I dreamed of Hiking and Cycling in Yosemite National Park for as long as I can remember. There was a period in my younger years when I spent time rock climbing and Yosemite was the premier Big Wall climbing area in the world.
Cycling Yosemite National Park
I cycled into Yosemite National Park after an energy sapping series of climbs to finally make it into the park from San Francisco. I stayed a couple of nights in the famed ‘Climbers Camp’, a cheap and crowded $5 per night campsite filled with climbers from all round the world. The campsite was visited by Bears, Racoons, Coyotes, Squirrels and Chipmunks during my brief stay there.
My general appearance must have given many to think I was a climber as a result I met lots of climbers inquiring about what climbs I planned to do. I climbed a bit many years ago, including several months living on a beach in Thailand climbing everyday. There was a time that I would have wanted to climb El Capitan but I think those days are gone.
The Climbers I met journeyed to Yosemite from all round the world to take on the Big Wall climbs. Several climbers I met spoke of their routes up the walls and of days spent sleeping suspended several hundred meters above the valley floor in their small platform bivvy tents. At night their headlamps were clearly visible as small specks of light on the 1000m plus high cliffs. One climber camped next to me mentioned how he wanted to free climb El Capitan, without ropes in the next couple of days. Crazy.
Hiking in Yosemite National Park
I really wanted to do the hike to the top of Half Dome. The dominant 2693m granite rock that oversees the valley. I was somewhat disappointed to learn that only a couple of weeks earlier the cables to the top were taken down for the season. As a result I had plan B, a somewhat long day hike that would take in the best of the area and a bike ride round the many bike trails in the park.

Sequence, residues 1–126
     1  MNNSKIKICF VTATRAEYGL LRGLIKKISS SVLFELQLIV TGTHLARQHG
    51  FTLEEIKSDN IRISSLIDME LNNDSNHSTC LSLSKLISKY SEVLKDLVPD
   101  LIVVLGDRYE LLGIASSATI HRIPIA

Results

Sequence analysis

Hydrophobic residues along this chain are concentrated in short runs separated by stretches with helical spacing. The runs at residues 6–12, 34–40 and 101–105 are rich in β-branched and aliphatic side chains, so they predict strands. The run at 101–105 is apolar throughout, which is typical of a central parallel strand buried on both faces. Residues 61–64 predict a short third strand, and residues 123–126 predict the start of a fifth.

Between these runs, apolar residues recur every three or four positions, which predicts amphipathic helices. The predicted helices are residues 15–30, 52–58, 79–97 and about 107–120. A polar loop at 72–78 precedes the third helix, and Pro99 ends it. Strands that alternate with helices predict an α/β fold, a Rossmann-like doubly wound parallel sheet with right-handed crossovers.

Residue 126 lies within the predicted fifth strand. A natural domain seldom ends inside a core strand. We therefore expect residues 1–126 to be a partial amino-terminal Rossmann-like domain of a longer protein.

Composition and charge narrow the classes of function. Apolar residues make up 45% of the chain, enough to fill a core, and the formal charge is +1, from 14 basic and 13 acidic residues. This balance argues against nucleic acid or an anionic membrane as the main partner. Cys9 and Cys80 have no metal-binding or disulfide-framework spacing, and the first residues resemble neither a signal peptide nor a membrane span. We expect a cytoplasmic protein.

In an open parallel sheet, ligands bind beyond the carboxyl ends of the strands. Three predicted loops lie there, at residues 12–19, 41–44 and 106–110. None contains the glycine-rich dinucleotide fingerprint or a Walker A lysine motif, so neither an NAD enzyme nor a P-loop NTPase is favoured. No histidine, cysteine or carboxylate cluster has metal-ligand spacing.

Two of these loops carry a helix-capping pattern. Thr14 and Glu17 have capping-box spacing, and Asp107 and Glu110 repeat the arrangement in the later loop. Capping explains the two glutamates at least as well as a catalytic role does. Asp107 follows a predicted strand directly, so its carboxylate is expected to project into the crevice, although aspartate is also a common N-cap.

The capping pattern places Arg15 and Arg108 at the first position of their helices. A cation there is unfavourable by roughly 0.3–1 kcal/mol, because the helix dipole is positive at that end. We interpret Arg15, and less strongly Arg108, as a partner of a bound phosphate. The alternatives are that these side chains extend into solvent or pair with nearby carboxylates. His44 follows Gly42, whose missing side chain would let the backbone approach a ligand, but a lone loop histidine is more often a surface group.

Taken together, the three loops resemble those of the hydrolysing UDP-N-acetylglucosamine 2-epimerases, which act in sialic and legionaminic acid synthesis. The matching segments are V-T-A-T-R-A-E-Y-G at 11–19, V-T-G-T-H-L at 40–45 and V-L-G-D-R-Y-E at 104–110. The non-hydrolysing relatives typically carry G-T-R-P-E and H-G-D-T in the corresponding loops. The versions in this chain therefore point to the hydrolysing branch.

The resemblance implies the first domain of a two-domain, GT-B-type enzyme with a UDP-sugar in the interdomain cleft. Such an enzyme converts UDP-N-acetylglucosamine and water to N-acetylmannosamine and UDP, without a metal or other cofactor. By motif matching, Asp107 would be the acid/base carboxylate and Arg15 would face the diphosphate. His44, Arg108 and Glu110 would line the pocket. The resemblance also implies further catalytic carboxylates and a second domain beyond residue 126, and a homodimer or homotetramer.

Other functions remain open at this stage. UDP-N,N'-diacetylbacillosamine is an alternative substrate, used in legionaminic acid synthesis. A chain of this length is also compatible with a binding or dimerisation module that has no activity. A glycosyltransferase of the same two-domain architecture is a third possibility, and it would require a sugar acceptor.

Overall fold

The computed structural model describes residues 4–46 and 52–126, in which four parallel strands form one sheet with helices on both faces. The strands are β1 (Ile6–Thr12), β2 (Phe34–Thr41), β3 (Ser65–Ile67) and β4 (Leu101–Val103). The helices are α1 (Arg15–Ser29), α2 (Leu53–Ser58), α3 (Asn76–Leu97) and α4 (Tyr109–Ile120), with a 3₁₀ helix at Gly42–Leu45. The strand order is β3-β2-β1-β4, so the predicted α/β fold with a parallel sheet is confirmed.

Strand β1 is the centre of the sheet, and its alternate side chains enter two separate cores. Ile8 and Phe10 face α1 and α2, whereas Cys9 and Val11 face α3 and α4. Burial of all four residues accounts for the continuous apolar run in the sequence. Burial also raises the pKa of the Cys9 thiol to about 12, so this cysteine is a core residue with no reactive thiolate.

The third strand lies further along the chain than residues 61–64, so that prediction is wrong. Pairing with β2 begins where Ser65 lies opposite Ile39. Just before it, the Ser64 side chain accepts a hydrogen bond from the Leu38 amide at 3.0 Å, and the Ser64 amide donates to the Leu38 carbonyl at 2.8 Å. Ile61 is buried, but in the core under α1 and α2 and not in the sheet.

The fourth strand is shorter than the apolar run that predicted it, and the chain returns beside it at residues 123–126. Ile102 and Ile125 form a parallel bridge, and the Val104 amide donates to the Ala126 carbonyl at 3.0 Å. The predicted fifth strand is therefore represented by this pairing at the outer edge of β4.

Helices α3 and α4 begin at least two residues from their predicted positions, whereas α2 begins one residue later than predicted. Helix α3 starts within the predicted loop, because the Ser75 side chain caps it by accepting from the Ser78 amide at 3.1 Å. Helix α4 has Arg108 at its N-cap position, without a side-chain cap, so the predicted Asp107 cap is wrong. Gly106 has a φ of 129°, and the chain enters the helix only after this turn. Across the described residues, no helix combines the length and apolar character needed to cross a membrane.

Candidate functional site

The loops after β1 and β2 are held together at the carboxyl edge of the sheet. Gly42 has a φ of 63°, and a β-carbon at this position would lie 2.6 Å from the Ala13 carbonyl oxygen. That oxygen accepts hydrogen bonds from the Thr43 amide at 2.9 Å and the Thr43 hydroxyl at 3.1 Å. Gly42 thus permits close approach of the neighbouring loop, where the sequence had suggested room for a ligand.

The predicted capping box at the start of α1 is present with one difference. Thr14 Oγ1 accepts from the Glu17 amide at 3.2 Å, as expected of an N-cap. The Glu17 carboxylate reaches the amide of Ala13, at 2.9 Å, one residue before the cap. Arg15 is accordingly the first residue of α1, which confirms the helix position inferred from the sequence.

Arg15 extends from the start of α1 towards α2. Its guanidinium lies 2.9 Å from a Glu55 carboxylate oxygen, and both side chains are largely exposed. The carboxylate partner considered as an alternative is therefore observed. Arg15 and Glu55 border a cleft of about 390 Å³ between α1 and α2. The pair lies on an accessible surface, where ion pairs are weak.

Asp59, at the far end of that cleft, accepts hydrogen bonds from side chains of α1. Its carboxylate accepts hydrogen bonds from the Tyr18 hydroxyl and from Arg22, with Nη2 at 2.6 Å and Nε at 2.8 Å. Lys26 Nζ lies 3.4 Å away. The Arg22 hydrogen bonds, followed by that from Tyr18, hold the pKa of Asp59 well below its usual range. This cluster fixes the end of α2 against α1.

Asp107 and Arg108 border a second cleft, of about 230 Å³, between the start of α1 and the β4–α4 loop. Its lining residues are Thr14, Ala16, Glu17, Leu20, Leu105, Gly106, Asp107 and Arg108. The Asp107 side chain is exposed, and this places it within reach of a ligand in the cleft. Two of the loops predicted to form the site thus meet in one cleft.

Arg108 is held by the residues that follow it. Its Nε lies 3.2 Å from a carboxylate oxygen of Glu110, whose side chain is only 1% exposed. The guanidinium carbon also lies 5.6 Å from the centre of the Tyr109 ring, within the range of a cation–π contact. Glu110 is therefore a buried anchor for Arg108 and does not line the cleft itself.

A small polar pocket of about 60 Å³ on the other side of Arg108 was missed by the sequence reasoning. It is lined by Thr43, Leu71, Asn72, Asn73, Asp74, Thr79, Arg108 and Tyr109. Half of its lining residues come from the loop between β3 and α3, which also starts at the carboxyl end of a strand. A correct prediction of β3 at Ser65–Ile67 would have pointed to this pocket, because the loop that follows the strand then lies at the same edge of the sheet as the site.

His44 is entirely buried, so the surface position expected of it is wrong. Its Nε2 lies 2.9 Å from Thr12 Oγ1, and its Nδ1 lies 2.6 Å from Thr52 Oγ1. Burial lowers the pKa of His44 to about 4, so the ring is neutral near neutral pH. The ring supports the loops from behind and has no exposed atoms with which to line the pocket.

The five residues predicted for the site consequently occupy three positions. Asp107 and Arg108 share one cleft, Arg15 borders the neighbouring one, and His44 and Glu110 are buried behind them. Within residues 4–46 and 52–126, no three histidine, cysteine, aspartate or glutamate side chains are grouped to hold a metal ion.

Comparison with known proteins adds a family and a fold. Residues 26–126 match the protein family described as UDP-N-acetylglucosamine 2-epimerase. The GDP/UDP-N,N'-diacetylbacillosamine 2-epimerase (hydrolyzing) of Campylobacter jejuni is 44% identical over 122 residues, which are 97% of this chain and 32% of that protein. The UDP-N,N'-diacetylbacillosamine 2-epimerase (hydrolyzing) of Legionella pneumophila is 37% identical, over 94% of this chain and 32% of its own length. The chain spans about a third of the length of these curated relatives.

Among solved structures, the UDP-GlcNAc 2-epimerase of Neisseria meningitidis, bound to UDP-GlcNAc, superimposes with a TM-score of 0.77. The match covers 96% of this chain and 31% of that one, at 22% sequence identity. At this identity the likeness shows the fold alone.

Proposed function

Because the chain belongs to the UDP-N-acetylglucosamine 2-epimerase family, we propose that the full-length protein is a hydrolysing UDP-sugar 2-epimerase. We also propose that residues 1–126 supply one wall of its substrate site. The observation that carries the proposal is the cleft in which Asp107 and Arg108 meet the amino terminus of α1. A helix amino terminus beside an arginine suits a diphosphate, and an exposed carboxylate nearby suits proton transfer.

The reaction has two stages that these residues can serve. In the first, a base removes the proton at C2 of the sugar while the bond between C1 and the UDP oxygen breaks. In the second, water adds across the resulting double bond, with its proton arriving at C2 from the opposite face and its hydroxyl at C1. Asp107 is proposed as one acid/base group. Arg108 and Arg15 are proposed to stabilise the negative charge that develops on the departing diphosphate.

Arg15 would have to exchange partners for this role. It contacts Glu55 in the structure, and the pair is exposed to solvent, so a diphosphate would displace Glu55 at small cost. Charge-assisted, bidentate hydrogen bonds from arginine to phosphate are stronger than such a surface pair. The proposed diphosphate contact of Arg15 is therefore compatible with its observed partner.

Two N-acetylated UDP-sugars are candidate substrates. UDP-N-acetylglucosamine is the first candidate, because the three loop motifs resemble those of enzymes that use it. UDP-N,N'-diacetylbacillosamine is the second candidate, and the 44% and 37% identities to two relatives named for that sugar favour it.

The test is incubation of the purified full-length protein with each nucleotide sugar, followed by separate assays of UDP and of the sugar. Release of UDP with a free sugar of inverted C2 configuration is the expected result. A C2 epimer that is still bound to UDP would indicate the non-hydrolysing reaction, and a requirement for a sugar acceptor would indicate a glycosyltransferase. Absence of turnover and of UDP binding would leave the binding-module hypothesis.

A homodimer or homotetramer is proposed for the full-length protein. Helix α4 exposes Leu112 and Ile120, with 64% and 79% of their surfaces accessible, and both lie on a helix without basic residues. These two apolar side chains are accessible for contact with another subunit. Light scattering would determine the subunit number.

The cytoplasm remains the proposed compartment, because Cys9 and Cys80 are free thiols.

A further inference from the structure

I started fairly early with a slow climb up the Mist Trail and John Muir Trail to Clark Point before taking the Panorama Trail across to Glacier point then up to Sentinal Dome and returning to the valley via the Four Mile Trail. The combination of all these hiking trails, gained nearly 1300 meters in elevation and provided world class views of Half Dome, Nevada Falls, Illiloutte Falls and the Yosemite Valley.
At this time of the year the Autumn / Fall colours of the trees bring out stunning reds and yellows in the trees but the downside was the main waterfalls, Bridleveil Falls and Yosemite Falls were both dry due to California being in drought for the last 3 years. At Glacier Point I lingered and found a quiet spot to eat and take in the view, but there was an even better view when I hiked up to 2476m to the summit of Sentinal Dome. I was rewarded with a panoramic 360 degree view of the high Sierras. Possibly the best mountain view I have seen.
The 1000m plus cliff of El Capitan on one side and the sheer face of Half Dome on the other. Then there was the dry cliff face that would have been Yosemite Falls the highest waterfall in North America and the Wilderness areas of the park that contains some very desirable hiking trails such as the John Muir Trail and the Pacific Crest Trail, both of which are on my to do list! Despite the cooling light breeze of the afternoon I lingered as long as I dared before completing my day hike by returning to Glacier Point and descending on the Four Mile Trail which is a rather steep series of switchbacks which descends back to the Yosemite Valley.
Despite the steep descent and somewhat tired legs I was rewarded with the ever present vistas of El Capitan. I think this combination of a series of hiking trails was possibly the best 1 day hike in Yosemite, although I would have liked to have climbed Half Dome to make the comparison. But that is a reason to return.
San Francisco to Manteca = 121km
Manteca to Stanislaus Park = 130km
Stanislaus Park to Yosemite Valley = 60km
Day Hike. Mist Trail , JMT, Panorama Trail, Glacier Point, Sentinal Dome, Four Mile Trail = 27km and about 1300m of elevation gain.
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